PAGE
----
Employee Involvement Cases
Scenario 1: Social Media Decision for the Provincial Government
You are the director of training, learning, and development for the provincial government. Faced with shrinking budgets you are particularly concerned about your ability to attract and retain recent hires that include many young, well-educated, high-potential employees who seem to be particularly motivated by opportunities to learn, develop, and collaborate with their co-workers.
Last week you were the guest speaker for an HR class at one of the local colleges and received some candid feedback from business students. Student comments included:
• “I would love to work for government for a year or two to get some experience.”
• “The work environment in government is soooo old-fashioned. I have a friend who works at one of the ministries and her boss told her that she needs to keep her phone turned off during work hours.”
• “I heard that only managers in government ever get the chance to go on training.”
You are interested and intrigued by the potential of social media platforms such as Facebook,
LinkedIn, Twitter, and Google+ as well as tools such as blogs and wikis to support informal learning, collaboration, and information sharing. You have discussed your interest to implement a “pilot” with a few of your most experienced colleagues but have found that several of your direct reports view these tools as “just entertainment fads” that are likely to diminish in popularity over time. However, you are confident several employees, including recent hires, would be eager to explore the possibilities of how these technologies could be used as learning tools and perhaps even enhance the image of the provincial government as a great place to work in the process.
You are mindful that you are not the best role model for use of technology. You have a BlackBerry and recently created a Twitter account but have not even joined Facebook despite receiving a few requests to “friend” some of the younger employees in your area.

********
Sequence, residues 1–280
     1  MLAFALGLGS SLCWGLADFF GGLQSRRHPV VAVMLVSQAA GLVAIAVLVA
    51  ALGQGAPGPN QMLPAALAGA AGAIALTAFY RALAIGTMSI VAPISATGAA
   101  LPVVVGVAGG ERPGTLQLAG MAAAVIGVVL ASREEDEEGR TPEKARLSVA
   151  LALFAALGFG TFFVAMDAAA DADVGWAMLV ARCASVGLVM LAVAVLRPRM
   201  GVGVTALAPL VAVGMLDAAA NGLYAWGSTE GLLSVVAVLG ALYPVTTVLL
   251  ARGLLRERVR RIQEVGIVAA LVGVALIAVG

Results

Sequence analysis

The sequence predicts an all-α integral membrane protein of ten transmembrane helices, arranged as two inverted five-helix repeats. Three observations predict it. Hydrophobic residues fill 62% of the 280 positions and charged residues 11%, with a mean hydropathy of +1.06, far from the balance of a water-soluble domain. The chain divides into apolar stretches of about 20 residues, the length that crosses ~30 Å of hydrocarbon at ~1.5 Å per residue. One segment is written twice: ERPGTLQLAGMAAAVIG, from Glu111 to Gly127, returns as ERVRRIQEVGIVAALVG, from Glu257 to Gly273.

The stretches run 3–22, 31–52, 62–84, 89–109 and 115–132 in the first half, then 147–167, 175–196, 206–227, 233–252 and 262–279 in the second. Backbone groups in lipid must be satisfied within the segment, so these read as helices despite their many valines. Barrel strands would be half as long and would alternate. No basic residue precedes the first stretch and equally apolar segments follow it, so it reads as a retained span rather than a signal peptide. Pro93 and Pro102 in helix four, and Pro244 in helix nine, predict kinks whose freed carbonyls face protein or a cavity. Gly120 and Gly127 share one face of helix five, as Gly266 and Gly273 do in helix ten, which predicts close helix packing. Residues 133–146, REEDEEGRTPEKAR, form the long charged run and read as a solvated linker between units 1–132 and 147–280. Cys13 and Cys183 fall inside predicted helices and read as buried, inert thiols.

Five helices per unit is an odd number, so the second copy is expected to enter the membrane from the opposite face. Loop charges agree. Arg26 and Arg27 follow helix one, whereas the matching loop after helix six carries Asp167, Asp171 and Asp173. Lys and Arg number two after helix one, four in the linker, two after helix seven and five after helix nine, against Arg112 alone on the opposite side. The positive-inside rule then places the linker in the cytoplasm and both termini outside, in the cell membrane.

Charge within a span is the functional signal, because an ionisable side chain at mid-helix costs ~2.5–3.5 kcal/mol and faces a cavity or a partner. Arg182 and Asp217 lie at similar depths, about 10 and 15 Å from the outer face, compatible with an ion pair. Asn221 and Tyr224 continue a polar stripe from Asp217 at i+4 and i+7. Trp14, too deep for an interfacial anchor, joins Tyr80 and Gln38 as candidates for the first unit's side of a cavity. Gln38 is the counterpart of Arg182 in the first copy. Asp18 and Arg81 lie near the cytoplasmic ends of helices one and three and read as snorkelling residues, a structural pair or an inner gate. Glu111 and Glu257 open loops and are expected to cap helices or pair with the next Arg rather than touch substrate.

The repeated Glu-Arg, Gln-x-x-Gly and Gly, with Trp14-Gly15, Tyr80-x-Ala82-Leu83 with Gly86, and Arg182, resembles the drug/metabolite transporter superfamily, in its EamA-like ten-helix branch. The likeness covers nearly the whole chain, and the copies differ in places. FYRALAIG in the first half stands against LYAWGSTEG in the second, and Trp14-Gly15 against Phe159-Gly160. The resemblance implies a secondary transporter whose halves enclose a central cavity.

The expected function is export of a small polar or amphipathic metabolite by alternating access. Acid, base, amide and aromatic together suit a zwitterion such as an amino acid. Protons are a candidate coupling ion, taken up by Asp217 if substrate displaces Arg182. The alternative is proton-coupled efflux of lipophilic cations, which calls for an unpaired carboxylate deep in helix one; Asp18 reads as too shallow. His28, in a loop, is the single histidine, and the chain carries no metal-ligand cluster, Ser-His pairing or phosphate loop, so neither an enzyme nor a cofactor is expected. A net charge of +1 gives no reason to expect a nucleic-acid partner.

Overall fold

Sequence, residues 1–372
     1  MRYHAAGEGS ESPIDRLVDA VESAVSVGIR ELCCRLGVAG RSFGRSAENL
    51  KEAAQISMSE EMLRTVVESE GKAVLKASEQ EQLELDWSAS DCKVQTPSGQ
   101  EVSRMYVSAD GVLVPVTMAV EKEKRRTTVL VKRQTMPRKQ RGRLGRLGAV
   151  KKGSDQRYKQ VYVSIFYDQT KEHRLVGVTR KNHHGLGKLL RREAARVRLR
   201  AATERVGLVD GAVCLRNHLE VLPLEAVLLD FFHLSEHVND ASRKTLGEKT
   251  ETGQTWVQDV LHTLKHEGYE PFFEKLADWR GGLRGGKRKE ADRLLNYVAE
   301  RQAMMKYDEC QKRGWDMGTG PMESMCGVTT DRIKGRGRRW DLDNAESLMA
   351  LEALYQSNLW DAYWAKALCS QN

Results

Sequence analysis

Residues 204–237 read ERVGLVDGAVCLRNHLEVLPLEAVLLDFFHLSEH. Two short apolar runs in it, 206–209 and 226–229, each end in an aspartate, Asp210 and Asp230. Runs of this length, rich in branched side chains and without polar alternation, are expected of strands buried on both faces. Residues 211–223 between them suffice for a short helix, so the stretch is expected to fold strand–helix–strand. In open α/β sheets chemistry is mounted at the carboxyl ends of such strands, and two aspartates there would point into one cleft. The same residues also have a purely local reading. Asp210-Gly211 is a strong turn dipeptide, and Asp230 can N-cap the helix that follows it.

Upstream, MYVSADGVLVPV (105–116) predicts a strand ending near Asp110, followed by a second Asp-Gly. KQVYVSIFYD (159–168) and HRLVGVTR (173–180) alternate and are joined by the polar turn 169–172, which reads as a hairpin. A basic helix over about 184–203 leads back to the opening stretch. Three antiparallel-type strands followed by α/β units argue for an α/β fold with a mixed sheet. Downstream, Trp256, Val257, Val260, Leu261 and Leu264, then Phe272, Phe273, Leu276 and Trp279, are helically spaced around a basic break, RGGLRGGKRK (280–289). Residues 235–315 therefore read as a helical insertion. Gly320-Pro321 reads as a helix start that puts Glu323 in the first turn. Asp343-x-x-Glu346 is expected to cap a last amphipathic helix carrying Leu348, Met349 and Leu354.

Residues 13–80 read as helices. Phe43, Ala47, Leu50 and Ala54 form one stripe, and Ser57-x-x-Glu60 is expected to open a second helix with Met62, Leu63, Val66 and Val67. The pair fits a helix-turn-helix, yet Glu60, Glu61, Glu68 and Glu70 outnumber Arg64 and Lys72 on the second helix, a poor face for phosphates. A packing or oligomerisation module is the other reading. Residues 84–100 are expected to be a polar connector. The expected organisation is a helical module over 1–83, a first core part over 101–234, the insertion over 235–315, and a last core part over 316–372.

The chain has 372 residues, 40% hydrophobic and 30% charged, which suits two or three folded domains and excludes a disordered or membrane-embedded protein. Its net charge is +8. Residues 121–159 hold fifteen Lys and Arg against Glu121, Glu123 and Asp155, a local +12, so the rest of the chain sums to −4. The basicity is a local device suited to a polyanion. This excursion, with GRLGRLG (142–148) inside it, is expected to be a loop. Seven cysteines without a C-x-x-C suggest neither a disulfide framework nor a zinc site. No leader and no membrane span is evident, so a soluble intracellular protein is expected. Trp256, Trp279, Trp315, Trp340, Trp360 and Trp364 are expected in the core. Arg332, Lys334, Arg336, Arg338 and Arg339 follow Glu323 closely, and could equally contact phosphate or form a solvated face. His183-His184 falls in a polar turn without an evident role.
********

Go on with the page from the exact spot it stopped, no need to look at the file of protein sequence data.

Scenario 2: The Sugar Substitute Research Decision
You are the head of research and development (R&D) for a major beer company. While working on a new beer product, one of the scientists in your unit seems to have tentatively identified a new chemical compound that has few calories but tastes closer to sugar than current sugar substitutes. The company has no foreseeable need for this product, but it could be patented and licensed to manufacturers in the food industry.
The sugar-substitute discovery is in its preliminary stages and would require considerable time and resources before it would be commercially viable. This means that it would necessarily take some resources away from other projects in the lab. The sugar-substitute project is beyond your technical expertise, but some of the R&D lab researchers are familiar with that field of chemistry. As with most
forms of research, it is difficult to determine the amount of research required to further identify and perfect the sugar substitute. You do not know how much demand is expected for this product. Your department has a decision process for funding projects that are behind schedule. However, there are no rules or precedents about funding projects that would be licensed but not used by the organization.
The company's R&D budget is limited, and other scientists in your work group have recently complained that they require more resources and financial support to get their projects completed.
Some of these R&D projects hold promise for future beer sales. You believe that most researchers in the R&D unit are committed to ensuring that the company's interests are achieved.
Scenario 3: Coast Guard Cutter Decision Problem
You are the captain of a 72-metre Coast Guard cutter, with a crew of 16, including officers. Your mission is general at-sea search and rescue. At 2:00 this morning, while en route to your home port after a